Tassievore on Tour – Part 2

Back in September I did part one of this post, which was about eating locally while on holiday in Far North Queensland. Happily, I can now do a similar post about camping and touring around Tassie eating locally.  It is actually quite miraculous how similar the two trip were given the vast distance and climactic differences!

In what is becoming a bit of a tradition, I took the few days between Christmas and New Years to go camping all by myself somewhere beautiful in Tasmania.  This year saw me driving up the East Coast, where I got to frolick on beautiful beaches, go bushwalking in Douglas Apsley Gorge and indulge in amazing fresh fruit and Tassie goodness!

Pyengana Farm VisitI found delicious peaches, apricots and cherries at farms around St. Helen’s and Bicheno. And drove a fair bit out of the way to call into Pyengana Dairy.  Pyengana offers cheese tasting and full cafe service in a picturesque setting on their North-East farm. I sampled their fresh scones with raspberry jam and cream and brought home my very own cloth covered cheese wheel of their Matured Cheddar.

Robyn TUDOOn my way back home, I had the pleasure of stopping at The Ugly Duck Out cafe in Swansea.  Robyn, who runs it, is passionate about sustainable food and serving fresh, Tasmanian produce.  She even has a flourishing veggie patch surrounding the cafe and carpark in the centre of Swansea where they harvest fresh produce to use in the cafe daily.

TUDO entryseasonal fruit, manuka honey and yogurt As this trip coincided with breakfast time, I got housemade yogurt with local manuka honey and seasonal fruit.  On a subsequent visit, I got to try out the dinner options and settled on a mushroom burger with quinoa tabbouleh.  Thanks TUDO!


Munching in Myanmar (Burma)

As a Nutritionist Aid Worker I spent a lot of time living and working overseas in some fairly interesting environments. Lets just say that eating local foods can always be a bit of an adventure! My backpack predominantly consists of emergency foods (dried fruit, almonds, dehydrated vegetables) to cope with just these situtations. Last year in Laos I had the ‘pleasure’ of spending my days hunting/gathering forest foods with the minority ethnic groups and then preparing such delicacies as snail and cricket soup with wild leafy greens and bamboo, fried frogs legs and barbequed skewered forest rat. Healthy and locally available? Yes. Tasty? No, I won’t be trying this recipe at home or adding it to the blog site here. As a vegetarian I’m not quite used to my food having eyes!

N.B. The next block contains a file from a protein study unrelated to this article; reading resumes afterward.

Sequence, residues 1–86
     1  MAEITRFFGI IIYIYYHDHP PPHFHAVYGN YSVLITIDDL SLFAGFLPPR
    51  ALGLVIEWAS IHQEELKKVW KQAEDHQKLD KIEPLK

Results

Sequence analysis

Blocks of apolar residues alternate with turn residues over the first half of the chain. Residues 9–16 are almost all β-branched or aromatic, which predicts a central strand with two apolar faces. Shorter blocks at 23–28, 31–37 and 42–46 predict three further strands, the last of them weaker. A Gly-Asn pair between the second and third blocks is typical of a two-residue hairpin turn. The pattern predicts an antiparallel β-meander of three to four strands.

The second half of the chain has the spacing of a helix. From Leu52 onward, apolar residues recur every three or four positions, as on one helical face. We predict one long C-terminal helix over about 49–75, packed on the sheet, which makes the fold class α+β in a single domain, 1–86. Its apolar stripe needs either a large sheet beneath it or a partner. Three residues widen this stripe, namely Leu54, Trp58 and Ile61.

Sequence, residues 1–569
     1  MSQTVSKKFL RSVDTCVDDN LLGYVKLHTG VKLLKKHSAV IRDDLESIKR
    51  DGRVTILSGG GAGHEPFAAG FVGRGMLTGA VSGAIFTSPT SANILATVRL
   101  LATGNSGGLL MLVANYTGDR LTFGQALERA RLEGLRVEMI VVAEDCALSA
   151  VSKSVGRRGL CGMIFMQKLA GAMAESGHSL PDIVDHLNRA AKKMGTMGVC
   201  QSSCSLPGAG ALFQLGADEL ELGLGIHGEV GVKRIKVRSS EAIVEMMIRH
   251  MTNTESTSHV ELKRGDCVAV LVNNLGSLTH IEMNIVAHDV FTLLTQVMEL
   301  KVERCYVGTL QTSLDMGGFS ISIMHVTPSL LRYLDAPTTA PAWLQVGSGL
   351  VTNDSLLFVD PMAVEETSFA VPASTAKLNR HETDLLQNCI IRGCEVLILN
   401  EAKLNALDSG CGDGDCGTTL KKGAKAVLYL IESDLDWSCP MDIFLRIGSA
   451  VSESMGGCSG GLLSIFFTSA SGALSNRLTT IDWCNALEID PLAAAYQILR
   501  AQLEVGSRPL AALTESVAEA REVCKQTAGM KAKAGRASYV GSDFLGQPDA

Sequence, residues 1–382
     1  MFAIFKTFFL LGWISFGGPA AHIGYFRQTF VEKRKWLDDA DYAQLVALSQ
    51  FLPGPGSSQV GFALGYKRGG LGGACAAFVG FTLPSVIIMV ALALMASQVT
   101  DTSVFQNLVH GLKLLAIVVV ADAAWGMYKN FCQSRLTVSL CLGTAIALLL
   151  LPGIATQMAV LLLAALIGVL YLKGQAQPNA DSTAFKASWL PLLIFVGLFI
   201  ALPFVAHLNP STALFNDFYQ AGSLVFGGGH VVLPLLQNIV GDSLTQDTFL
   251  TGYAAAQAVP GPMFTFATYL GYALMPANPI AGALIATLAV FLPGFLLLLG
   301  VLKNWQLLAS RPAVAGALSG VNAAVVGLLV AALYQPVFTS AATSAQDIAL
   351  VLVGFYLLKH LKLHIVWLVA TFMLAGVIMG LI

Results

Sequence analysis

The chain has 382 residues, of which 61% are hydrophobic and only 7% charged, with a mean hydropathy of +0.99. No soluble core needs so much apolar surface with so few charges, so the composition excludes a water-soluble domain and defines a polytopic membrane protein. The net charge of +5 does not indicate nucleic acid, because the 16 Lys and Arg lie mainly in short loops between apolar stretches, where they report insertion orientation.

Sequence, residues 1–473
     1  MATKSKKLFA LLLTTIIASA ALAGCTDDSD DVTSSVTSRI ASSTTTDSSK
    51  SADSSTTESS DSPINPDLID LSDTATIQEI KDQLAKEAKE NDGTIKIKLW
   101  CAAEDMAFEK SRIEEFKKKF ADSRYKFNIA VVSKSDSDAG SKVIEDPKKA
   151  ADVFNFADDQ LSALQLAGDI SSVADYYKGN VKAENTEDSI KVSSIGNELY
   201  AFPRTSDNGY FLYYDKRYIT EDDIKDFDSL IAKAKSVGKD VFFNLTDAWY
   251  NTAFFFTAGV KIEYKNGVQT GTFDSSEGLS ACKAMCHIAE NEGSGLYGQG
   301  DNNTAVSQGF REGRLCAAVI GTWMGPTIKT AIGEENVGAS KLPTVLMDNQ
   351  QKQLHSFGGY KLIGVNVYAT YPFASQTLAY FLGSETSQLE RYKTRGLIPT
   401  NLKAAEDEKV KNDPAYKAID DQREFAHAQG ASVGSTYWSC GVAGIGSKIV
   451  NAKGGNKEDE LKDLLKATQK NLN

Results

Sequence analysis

Fresh and local frogs from the forest

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Tassievore on tour

It is August in Tasmania, which often means chilly and wet weather and not a lot of fresh fruit around.  The feijoas and passionfruits are finished and I tend to be getting a bit bored of apples and pears (I know I should be appreciative and will try to cultivate this more). Even the reserves of frozen berries are getting low, so it was pretty amazing to hop on a plane and get off a few hours later in Tropical North Queensland!

At the very first meeting that we started talking about what has become the Tassievore Eat Local Challenge, someone asked about what they should do if they go on holiday somewhere.  We decided that in this case you should eat local to wherever you are.  Quite a fun prospect in August in Far North Queensland!

There are little road side fruit and veg stalls a plenty and I made a point of visiting many of them.  One of the highlights of my trip (after the morning walks along beautiful beaches on Cape Tribulation) was the abundance of delicious winter fruits!  Most of my breakfasts consisted of a combination of the following: pawpaw, banana (monkey, sugar, ladyfinger and cavendish varieties), passionfruit, pineapple and fresh coconut with yogurt.  Yummm! I also discovered a fruit I had never heard of before…the Black Sapote (aka Black Pudding Fruit).